Behind Sharon-as-writer is an acre of red pen on papers, and kind and harsh replies to my foolishness, screw ups and mistakes that seemed irremediable but weren’t, and lots of time doing dull, frustrating rewrites.  And what I learned was to (sometimes) do it mostly right the first time, to mostly be able to make myself clear, or for others to understand me.  If there are moments when this is good it is only because of the sweat and sleeplessness and the failures behind it that made it possible for me not to screw up every single time.  If I avoid some mistakes it is only because I already made them…and made them and made them.

I say this because there may come a time (or we may be there now for some of you) when you cannot afford to experiment, to make too many mistakes, when you may have to do it right the very first time to keep your life together.  And the only way to avoid many of the worst mistakes is to make them early while there’s still time.  Now is the time to screw up.

And that means you have to try adapting in place, as though you really needed to.  Try for a week to give up the car.  Try for a weekend to turn off the breakers and the gas and live without fossil fuels.  Set a limit on your kilowatt hours or you consumption of gasoline for the month, and stick to it. Don’t make it an easy one – push your limits.  Cut your budget to the bone and then cut some more, as though you had no choice – and see how you do.  Even your mistakes will teach you something about what you need. 

Dmitry Orlov often observes that living through tough times is a little like falling out a window - you want to fall out the lowest possible window, not the highest.  The lower you are prepared to go in your resource use, the more you are able to adapt to tough things, because the distance between what how you need to live now and what you’ve already experienced is small, the better off and more secure you and and your loved ones will be.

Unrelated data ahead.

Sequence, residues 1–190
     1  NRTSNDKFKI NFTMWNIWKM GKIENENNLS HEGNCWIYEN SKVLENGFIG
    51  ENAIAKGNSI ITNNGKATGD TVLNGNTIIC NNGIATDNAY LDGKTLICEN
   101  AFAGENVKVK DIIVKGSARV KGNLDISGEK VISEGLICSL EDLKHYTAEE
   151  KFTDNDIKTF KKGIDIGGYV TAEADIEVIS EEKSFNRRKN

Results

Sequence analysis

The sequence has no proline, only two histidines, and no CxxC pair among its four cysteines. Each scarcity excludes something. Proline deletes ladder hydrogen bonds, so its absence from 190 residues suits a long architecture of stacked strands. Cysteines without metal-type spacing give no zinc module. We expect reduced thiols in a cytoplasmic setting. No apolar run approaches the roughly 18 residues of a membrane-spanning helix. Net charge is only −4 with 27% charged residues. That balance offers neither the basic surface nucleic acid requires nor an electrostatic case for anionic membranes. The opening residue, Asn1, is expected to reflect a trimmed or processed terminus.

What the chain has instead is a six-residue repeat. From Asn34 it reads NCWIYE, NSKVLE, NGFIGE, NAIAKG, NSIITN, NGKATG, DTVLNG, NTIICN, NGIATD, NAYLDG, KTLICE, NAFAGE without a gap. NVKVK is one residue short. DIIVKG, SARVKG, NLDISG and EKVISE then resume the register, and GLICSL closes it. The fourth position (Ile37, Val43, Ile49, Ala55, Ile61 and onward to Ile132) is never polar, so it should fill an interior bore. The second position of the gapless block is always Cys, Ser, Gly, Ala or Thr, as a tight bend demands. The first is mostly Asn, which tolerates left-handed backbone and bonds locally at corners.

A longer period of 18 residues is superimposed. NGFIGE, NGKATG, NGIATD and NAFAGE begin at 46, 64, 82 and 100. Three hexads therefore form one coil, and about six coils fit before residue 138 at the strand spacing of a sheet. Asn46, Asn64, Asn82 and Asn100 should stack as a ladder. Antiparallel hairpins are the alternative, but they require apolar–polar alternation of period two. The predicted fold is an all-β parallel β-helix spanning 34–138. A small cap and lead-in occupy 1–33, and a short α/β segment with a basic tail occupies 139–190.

Over the spring and summer, I’m going to do a series of practice challenges, and of course, there are a lot of other wonderful people on the web doing ones.  Perhaps the weekend with all the breakers turned off or the “how low can you go” spending practice will help you get just a little lower.  But you don’t have to wait for me.   It is time to start practicing – because Carnegie Hall, and our big public performance may be closer than we think.

 Sharon

11 Responses to “How Do You Get To Carnegie Hall?”

  1. Annetteon 26 Mar 2009 at 1:14 pm

    Your posts are so timely! I am ready to turn off the lights now! =) Good point though. Do a dry run now and work out the kinks before the curtain goes up and we are ‘live’.

  2. Adrienneon 26 Mar 2009 at 1:19 pm

    Oh I really love that about falling out the lower window. Sometimes I feel like I am SO far behind on what I should know, I might as well give up. Instead I’ll try to think of that.

  3. graceon 26 Mar 2009 at 1:21 pm

    “A graceful life, lived with as few non-renewable resources as possible, and as adapted to changing and shifting conditions as possible is a thing of artfulness and beauty. The extraction of every drop of happiness and comfort from the resources you do leave you at the end with a life well lived – and what better art form is there?”